Lactoferrin for Stomatitis in Cats

Lactoferrin for Stomatitis in Cats

Lactoferrin as a Treatment for Stomatitis in Cats

Stomatitis is an inflammatory condition of the oral cavity in cats that can cause severe pain and discomfort. Luckily, lactoferrin has been found to be a successful treatment for stomatitis in cats. Lactoferrin is a natural iron-binding protein that helps reduce inflammation and has antibacterial and antifungal properties. In this blog post, we will discuss the benefits of lactoferrin as a treatment for stomatitis in cats.


What is stomatitis?

Feline lymphocytic-plasmacytic gingivitis/stomatitis (LPGS) or caudal stomatitis is an inflammatory disease that causes painfully erosive lesions and proliferations of the oral mucosa. [1] It is characterized by lesions, ulcerations, and excessive salivation. It can be very painful and uncomfortable for cats. Stomatitis can be caused by a number of factors, including viral infections, allergies, autoimmune diseases, and dental diseases. 



How does lactoferrin work?

Lactoferrin is a glycoprotein found in saliva, tears, and colostrum that has been studied as a potential treatment for stomatitis in cats. It works by reducing inflammation and modulating the immune system to reduce symptoms associated with the condition. Studies suggest that lactoferrin can help reduce the severity of stomatitis in cats and may even be used as a preventative measure to prevent further flare-ups.


How do I use lactoferrin?

Using lactoferrin to treat stomatitis in cats is relatively straightforward. You can purchase lactoferrin in powder form. To apply the powder, mix it with a bit of water to form a paste, and then apply it directly to your cat’s affected areas. Alternatively, you can dilute the lactoferrin powder with water, and then use a spray bottle to administer it onto your cat's gums and mouth area. It is important to be careful when applying lactoferrin so that you do not get it into the eyes or nose. If you do accidentally get some in the eyes or nose, rinse it off immediately with warm water. When using lactoferrin to treat stomatitis in cats, it is important to follow the instructions on the packaging and consult your veterinarian for advice on the most suitable dosage for your pet.


What are the side effects of lactoferrin?

Lactoferrin is a naturally-occurring protein that is generally well tolerated by cats when used to treat stomatitis. However, there are some potential side effects that owners should be aware of when using lactoferrin.

The most common side effects in cats include: itching, redness, swelling or irritation of the skin, gastrointestinal upset (vomiting or diarrhea), and decreased appetite. In rare cases, more serious side effects may occur such as difficulty breathing or anaphylactic shock. If any of these symptoms are observed, discontinue use and seek veterinary help immediately.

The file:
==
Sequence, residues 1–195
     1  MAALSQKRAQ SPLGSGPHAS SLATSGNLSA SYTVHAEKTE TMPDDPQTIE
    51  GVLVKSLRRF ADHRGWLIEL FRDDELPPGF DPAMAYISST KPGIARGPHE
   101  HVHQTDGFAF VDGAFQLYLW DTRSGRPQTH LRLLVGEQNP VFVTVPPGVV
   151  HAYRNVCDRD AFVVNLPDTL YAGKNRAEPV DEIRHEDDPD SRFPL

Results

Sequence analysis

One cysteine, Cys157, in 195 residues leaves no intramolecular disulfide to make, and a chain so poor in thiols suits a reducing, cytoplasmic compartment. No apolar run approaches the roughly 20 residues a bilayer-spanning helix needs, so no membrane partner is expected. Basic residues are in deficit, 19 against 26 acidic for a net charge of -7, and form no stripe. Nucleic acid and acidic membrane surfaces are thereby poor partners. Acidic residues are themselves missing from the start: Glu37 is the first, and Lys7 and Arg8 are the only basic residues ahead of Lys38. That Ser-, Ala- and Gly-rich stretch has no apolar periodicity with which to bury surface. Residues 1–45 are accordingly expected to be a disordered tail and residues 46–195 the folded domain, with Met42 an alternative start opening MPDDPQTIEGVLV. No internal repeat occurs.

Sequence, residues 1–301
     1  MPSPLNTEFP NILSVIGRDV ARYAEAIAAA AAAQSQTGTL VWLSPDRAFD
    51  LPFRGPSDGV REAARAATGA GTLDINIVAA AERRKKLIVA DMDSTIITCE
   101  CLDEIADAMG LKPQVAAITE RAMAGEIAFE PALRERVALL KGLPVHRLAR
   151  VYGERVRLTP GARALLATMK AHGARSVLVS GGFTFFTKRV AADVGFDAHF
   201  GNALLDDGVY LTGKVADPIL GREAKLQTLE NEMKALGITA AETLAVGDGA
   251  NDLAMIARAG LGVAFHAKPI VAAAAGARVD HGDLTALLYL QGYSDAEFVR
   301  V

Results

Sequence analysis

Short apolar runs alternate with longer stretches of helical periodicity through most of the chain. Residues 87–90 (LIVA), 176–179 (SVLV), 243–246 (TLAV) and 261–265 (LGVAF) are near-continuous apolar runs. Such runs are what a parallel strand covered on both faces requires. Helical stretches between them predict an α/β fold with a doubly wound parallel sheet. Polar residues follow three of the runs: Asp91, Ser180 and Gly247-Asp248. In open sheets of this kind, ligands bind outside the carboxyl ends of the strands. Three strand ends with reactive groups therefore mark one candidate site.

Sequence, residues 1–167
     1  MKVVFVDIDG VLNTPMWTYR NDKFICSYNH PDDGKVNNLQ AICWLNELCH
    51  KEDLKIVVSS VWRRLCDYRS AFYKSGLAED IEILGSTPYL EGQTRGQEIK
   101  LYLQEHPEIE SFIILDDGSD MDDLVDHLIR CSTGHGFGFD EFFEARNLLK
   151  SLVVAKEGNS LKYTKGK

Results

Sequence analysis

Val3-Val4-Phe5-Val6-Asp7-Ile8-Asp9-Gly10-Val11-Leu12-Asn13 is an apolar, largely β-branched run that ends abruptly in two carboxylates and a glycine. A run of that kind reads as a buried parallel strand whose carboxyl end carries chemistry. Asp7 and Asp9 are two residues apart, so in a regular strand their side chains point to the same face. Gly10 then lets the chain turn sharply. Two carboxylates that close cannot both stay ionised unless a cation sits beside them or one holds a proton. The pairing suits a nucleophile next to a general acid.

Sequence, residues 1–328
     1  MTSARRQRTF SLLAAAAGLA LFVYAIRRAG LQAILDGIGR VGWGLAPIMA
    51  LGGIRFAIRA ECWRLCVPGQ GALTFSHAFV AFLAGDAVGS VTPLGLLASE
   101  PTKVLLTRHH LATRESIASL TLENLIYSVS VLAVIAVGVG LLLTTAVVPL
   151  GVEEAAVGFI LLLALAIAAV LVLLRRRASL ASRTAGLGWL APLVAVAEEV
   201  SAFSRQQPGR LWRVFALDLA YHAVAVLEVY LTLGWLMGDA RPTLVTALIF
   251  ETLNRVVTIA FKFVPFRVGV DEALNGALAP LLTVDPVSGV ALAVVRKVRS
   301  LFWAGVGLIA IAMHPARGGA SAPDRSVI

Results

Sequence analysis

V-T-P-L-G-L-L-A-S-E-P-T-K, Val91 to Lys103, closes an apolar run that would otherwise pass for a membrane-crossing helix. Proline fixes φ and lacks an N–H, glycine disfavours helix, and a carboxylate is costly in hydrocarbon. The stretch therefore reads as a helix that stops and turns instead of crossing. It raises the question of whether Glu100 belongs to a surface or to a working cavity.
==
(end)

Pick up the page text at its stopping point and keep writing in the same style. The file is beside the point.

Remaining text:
In addition to the side effects outlined above, some cats may also experience allergic reactions to lactoferrin. This can manifest in skin rashes, swelling, hives, or difficulty breathing. If you suspect your cat is having an allergic reaction to lactoferrin, it is important to stop giving the supplement and contact your veterinarian for advice. 

Overall, lactoferrin is generally considered safe for cats with stomatitis when given as directed. To minimize the risk of side effects, it is important to follow your veterinarian’s instructions carefully when giving your cat lactoferrin.


Is lactoferrin effective?

The use of lactoferrin to treat stomatitis in cats is a relatively new concept, but preliminary studies suggest it may be effective. In one study, cats with stomatitis that were given a daily dose of lactoferrin showed improved clinical signs and reduced inflammation in the mouth. Additionally, the cats had fewer bacteria in their mouths and less severe stomatitis after treatment. 


Referances & Sources

1."Bovine lactoferrin and piroxicam as an adjunct treatment for lymphocytic-plasmacytic gingivitis stomatitis in cats

https://pubmed.ncbi.nlm.nih.gov/24973002/ 

2. "Oral administration of bovine lactoferrin for treatment of intractable stomatitis in feline immunodeficiency virus (FIV)-positive and FIV-negative cats"

https://pubmed.ncbi.nlm.nih.gov/8896681/

 

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